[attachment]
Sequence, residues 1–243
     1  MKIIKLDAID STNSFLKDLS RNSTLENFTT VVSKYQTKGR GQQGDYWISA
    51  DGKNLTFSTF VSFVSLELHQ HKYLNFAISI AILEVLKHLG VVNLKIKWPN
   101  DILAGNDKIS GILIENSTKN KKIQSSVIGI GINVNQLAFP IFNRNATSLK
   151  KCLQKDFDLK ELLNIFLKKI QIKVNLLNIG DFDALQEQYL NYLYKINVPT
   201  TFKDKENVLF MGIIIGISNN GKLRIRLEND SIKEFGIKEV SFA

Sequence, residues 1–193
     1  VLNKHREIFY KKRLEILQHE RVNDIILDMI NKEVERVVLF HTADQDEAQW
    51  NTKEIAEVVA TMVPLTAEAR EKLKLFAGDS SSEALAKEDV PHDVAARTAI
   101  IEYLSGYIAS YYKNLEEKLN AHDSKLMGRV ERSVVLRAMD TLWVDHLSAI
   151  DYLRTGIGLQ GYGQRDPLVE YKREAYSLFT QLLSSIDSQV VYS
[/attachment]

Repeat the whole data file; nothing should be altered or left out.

Sequence, residues 1–243
     1  MKIIKLDAID STNSFLKDLS RNSTLENFTT VVSKYQTKGR GQQGDYWISA
    51  DGKNLTFSTF VSFVSLELHQ HKYLNFAISI AILEVLKHLG VVNLKIKWPN
   101  DILAGNDKIS GILIENSTKN KKIQSSVIGI GINVNQLAFP IFNRNATSLK
   151  KCLQKDFDLK ELLNIFLKKI QIKVNLLNIG DFDALQEQYL NYLYKINVPT
   201  TFKDKENVLF MGIIIGISNN GKLRIRLEND SIKEFGIKEV SFA

Sequence, residues 1–193
     1  VLNKHREIFY KKRLEILQHE RVNDIILDMI NKEVERVVLF HTADQDEAQW
    51  NTKEIAEVVA TMVPLTAEAR EKLKLFAGDS SSEALAKEDV PHDVAARTAI
   101  IEYLSGYIAS YYKNLEEKLN AHDSKLMGRV ERSVVLRAMD TLWVDHLSAI
   151  DYLRTGIGLQ GYGQRDPLVE YKREAYSLFT QLLSSIDSQV VYS